Xavier Dolan is intense. As we talk about Laurence Anyways, his spectacular meditation on the experience of a teacher transitioning from male to female, he chews on his nails, speaks a mile a minute and has no problem expressing his opinions.
To be fair, I'm kind of setting him up, suggesting that people who call his films indulgent actually have no tolerance for real cinematic style. He loves that.
"People have no interest in taste," he says, dressed fashionably in a sharp grey suit during TIFF. "They don't want to stand for taste. They're used to neutral points of view. There are places in the film where people dream, but cinema is made for dreams."
He defines indulgence as a trick a director performs for his own satisfaction and not to serve the content of the film.
"If something is falling from the sky or running down the wall in this movie, it's not because I want to treat myself and have a little style. It's because it's emotionally coherent with what the characters are going through.
"Besides," he adds, "70 per cent of the movie is shot shoulder-held with natural light. People are talking about just four scenes. They never talk about the silences, or the beats when people are suffering."
There is a lot of misery in the film, to be sure, but there are transcendent moments when people, especially kids, show an amazing openness.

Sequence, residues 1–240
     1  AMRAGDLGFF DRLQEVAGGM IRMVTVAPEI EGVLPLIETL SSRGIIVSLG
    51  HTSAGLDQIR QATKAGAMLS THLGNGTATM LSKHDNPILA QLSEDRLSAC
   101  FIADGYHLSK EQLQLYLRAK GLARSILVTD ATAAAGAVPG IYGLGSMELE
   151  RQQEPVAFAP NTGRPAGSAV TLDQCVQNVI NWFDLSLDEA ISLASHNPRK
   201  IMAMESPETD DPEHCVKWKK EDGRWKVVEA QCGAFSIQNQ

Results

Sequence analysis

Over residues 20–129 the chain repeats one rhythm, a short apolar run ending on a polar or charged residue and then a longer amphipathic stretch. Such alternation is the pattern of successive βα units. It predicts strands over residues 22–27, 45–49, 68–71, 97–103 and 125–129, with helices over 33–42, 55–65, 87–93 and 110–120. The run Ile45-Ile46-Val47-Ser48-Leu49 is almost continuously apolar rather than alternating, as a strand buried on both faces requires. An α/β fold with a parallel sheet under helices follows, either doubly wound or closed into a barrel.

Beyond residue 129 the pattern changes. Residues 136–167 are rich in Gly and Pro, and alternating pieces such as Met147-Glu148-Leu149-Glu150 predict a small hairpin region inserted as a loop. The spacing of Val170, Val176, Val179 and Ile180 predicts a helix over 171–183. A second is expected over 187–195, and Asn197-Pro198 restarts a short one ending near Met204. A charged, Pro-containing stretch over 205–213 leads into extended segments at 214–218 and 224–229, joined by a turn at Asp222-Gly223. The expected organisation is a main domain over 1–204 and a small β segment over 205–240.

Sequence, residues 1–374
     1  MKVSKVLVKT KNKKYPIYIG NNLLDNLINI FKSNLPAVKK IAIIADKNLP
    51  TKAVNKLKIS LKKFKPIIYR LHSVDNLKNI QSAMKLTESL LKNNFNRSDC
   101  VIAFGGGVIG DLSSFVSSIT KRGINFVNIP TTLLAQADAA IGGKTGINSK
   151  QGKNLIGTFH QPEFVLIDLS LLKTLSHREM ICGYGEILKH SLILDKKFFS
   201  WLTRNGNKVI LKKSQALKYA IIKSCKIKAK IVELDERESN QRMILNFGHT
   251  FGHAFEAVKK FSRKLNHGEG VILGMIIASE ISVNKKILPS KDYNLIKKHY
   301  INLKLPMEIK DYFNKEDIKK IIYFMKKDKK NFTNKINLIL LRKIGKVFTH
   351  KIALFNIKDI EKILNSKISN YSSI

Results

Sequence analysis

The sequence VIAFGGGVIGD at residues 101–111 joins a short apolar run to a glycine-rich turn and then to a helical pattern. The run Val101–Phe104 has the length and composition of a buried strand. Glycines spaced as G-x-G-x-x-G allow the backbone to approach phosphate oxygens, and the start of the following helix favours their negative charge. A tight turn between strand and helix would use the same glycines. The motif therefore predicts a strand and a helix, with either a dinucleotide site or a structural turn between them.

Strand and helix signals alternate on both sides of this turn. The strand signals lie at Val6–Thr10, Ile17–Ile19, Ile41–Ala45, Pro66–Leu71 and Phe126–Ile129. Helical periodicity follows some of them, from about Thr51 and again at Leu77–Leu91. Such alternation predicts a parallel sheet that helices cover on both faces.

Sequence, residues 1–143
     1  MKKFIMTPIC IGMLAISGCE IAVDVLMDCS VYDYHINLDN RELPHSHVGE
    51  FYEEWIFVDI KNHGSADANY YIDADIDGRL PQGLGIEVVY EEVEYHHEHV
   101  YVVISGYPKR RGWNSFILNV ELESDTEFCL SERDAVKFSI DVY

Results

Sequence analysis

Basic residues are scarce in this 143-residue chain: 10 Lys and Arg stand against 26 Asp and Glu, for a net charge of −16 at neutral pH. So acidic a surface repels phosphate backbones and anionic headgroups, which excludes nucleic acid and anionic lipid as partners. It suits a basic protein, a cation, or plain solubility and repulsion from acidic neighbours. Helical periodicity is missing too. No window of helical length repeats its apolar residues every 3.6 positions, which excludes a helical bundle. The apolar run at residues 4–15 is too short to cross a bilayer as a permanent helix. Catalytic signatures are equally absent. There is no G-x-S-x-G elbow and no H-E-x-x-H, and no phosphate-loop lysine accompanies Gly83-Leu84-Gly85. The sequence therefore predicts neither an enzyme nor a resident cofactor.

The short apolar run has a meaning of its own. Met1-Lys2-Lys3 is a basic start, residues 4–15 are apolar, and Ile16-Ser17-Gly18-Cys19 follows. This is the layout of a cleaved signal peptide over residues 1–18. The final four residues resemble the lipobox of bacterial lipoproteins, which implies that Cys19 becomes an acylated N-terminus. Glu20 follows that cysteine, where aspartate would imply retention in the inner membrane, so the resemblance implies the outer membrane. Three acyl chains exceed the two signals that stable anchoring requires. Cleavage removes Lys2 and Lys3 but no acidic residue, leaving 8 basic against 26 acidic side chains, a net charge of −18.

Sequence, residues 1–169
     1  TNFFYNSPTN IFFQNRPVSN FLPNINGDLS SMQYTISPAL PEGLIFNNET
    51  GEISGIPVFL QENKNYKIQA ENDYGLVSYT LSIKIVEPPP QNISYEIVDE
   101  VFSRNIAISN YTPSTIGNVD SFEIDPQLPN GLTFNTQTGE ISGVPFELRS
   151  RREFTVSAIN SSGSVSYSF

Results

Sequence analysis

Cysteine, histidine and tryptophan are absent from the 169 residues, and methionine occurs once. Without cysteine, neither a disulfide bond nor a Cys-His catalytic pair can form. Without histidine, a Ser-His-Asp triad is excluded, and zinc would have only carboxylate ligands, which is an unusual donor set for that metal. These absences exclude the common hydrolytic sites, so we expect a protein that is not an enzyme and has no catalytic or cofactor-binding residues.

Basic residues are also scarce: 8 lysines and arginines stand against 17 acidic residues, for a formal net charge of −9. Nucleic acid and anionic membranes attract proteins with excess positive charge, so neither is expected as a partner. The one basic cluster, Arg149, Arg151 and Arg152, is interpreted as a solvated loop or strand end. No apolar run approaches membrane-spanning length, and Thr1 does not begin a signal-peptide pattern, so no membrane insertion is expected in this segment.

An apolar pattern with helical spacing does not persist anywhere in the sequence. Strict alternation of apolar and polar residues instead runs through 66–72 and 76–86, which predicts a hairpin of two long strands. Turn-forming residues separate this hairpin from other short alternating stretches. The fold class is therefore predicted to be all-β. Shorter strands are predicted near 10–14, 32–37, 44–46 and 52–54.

"Young people have virginal brains that are waiting for information. Whatever you say to them will leave either a beautiful trace or a horrible scar. It's the age when they're like sponges and can not only learn two languages, but also learn to get rid of the normal and abnormal labels and merge them into one society where everyone is not different but unique."
He gets a superb performance from Suzanne Clément as Fred, Laurence's lover, who stays with him during his transition. She took the best actress prize in the Un Certain Regard competition at Cannes this year. (The film itself won the Queer Palm).
"Making a movie with Suzanne is like painting together. Someone does something here (he mimes a painting stroke), someone does something there, and then it comes together. She helped create a character who speaks for herself. She's not an actor; she's an artist."
Just three weeks before shooting, Louis Garrel, the actor cast as Laurence, dropped out of the project. When I mention it, Dolan pauses for what feels like the first time since we began talking.
"We didn't get along," he says, quietly.
He had to start shooting in only three weeks or, he says, all the companies involved would have gone bankrupt. But it all worked out when he called Melvil Poupaud.
"He tried on the costumes and we could see Laurence, the way the clothes fit, the way he held his hands. He abandoned himself so quickly and generously and fearlessly. What he did in two days is what my character does in the movie. If he can do it in real life, I thought, he can do it on camera."
Poupaud did change the film, however.
"Laurence is the quiet force and Fred is the fire, where before I imagined two abnormal people living normally. Now there's more of a sense of balance. I wanted to have a superhero. Now I have a hero, which is perfect for the film.
"I have no regrets."